Of course, I know not everyone feels okay about being whatever size they are, and not everyone has come to accept "fat" as a neutral descriptor. So when the person in question can actually hear me, if I don't know for sure how they feel about it, I refrain from saying anything like that. After all, we're all different and I can't demand that they be in the same place on this as I am, and I certainly wouldn't want to hurt their feelings (though of course I think there is nothing to be hurt about, but in this society it stands to reason many people WOULD feel hurt if I called them fat or big, so I don't want to risk it).

But, in this situation that you describe, she can't hear you anyway, it's just you and your friend and your friend knows very well that you don't think there is anything bad about being any size, so you're both on the same page and it seems fine to me.

Okay now on a totally different, self serving topic: dr stacey if you happen to read this comment - I finished my animation project awhile ago, the one that you were kind enough to post a work-in-progress of and i got some helpful feedback from your blog readers. And I promised to keep you posted on that... I emailed you awhile back that it was finished but it's possible that it went to your junkmail. So at the risk of being a nudnik, I just wanted to check in and see if you ever got my email, and if not, I can resend you the link to the finished project if you'd like :)

Becky-BBW said...

Full figured gals are way hotter than stick figures - I always believe this when I found this on the famous big people online club http://plusmingle.com

Ashley said...

I find people have a problem with any description that isn't inherently complimentary. For instance, it's ok to talk about "the slender blond with the small voice" but not ok to talk about "the one with the froofy hair." (Recent example) Similarly, you can't discuss a person's age, even when it's really obvious. For some reason people have a problem if you point out that the professor, in her 40's, is older than her students, in their 20's. Why this is insulting I'll never understand, as it's a simple fact of life.

People are weird about descriptions, for some reason (and I can guess at those).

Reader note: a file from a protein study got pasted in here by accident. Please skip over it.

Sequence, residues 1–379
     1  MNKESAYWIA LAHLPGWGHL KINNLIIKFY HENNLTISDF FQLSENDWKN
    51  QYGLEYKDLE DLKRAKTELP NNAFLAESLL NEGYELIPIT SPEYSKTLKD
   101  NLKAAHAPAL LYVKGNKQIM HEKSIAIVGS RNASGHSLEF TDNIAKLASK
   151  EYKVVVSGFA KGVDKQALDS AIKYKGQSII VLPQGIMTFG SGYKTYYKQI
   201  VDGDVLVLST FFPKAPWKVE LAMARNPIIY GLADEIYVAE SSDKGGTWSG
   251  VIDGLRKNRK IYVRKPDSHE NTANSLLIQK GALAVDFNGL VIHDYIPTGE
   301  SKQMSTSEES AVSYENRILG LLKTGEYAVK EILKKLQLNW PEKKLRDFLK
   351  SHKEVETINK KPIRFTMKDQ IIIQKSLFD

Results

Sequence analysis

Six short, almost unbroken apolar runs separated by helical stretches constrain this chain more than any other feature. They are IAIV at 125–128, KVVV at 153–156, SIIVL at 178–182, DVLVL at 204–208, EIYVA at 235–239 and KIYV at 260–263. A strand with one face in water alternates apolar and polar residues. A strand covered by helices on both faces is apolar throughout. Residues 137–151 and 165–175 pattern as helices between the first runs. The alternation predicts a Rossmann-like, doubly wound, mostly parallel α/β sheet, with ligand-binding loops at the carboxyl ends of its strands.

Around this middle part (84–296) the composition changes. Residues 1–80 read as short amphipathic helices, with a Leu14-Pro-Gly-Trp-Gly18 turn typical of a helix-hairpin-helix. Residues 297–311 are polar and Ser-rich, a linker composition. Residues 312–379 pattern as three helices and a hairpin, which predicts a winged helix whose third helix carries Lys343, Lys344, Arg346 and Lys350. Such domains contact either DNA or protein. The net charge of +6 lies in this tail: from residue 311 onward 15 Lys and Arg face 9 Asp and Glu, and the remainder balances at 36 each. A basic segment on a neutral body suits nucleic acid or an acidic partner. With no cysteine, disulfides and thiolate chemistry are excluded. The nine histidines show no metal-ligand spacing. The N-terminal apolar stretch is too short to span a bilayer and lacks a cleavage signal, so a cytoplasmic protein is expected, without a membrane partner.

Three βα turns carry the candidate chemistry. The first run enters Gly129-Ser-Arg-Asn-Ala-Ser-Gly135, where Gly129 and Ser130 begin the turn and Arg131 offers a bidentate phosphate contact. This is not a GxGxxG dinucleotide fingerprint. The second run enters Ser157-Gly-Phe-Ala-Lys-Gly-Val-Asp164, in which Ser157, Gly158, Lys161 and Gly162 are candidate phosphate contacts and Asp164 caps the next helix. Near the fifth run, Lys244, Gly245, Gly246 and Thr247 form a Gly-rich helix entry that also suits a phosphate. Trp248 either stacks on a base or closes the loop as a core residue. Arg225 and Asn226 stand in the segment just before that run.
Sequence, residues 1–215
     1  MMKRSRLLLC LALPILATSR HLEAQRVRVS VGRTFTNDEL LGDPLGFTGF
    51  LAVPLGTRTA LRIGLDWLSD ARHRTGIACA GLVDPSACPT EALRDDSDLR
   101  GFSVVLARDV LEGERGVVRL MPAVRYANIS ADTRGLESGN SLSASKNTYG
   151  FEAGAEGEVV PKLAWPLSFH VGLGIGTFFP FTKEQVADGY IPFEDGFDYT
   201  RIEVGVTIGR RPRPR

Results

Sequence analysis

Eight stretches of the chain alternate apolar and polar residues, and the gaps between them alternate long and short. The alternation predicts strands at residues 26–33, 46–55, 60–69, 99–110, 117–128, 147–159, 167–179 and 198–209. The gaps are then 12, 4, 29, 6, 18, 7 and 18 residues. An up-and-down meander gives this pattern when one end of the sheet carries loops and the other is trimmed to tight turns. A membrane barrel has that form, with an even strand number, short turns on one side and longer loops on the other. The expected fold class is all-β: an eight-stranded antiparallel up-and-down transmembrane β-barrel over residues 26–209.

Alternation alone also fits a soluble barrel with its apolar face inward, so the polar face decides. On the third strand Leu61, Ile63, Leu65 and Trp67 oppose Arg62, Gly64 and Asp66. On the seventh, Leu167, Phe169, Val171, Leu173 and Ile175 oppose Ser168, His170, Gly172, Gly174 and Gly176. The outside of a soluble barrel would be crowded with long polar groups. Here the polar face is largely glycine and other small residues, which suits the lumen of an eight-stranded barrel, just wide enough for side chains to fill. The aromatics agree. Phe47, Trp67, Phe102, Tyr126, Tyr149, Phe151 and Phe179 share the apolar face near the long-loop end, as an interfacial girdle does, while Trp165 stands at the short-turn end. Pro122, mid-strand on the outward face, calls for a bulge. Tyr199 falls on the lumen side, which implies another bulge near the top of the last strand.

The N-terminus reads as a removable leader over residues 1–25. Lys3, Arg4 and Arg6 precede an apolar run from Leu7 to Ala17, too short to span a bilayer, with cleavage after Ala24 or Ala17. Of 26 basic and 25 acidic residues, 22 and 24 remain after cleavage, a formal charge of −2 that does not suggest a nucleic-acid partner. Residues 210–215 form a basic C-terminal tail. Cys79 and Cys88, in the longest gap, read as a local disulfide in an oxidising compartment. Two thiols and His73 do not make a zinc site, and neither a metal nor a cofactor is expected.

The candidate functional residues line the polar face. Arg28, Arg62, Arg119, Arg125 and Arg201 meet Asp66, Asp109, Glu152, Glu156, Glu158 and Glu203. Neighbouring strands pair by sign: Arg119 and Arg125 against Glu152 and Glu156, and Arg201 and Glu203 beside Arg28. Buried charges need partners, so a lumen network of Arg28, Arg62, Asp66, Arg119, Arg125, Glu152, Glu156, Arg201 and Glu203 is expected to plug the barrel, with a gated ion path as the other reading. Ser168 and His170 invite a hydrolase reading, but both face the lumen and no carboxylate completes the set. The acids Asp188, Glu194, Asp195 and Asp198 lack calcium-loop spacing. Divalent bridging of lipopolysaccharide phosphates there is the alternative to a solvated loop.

beauty said...

I don't see anything wrong with it. I feel nowadays we have become overly sensitized in such areas. What's wrong with being honest?

At one time I was the "big one", but
I always remind myself and others too

"Words only have power give you give them power."

beauty bagel

Anonymous said...

Identifying someone you are not familiar with by using an obvious physical characteristic is not offensive. Erin - your nephew didn't understand anything other than that Auntie was offended. Why should skin colour be a topic more sensitive than hair colour? Answer: it's only an issue because of the weight society places on the point. Want to really pull the plug on prejudice? Allow simple descriptives to carry only their own qualities - not those of society.

Fauve said...

In this crazy world, calling someone "the big one" Is an insult, even if not intended. However, I do not see anything wrong with your description, especially as you had no ill will directed at that size 12 (horrors!) actress. I don't even mind "obese" for fat people. I can't go as far as the fat acceptance people do, in pretending that obesity has no health pricetag attached to it. For me and for many people, it Does. Still, the shame of being "the big one" is a cultural mandated feeling that is in every woman, I think (either as shamefull reality - she really Is "the big one" and, try as she might, it often hurts to be this way - Or fear that she ever will be or could ever be described as such by Anyone).

Anonymous said...

Interesting comments. I'm a size 12, and I don't usually feel like I'm big. I've always been bigger than my friends, peers, coworkers, etc. (although that is changing as the world's waistline expands), but if someone chose to point that out about me, it would likely hurt my feelings. It's just a matter of being sensitive to judgment, which is often the place from which these comments come (sidenote: I don't believe you were judging her, but alas, you aren't most people).

As well, what jen said about "fat" not being insulting was dead wrong - in the real world. I'm a dietitian, and I work with a lot of overweight/obese patients. They trust me because I'm not skinny, but I'm very healthy (I used to be 50# heavier, and I readily share my experiences with anyone who wants to know). Certainly, some of my patients are pleased to discuss how "fat" they feel and whatnot, but the vast majority would likely run screaming from me if I used that word to describe them (or even "large," which I now understand is worse than "big" for some reason). Even worse, if I chose to use "fat" to describe their children, I would likely be sued.

Food for thought, so to speak.

said...

I went to see the Lion King Broadway tour, and I was really super pleased to see that there were bodies of all sizes on the stage. A size 12 was definitely not "the big one" in that case. There were people of every race and size up there--it rocked. :)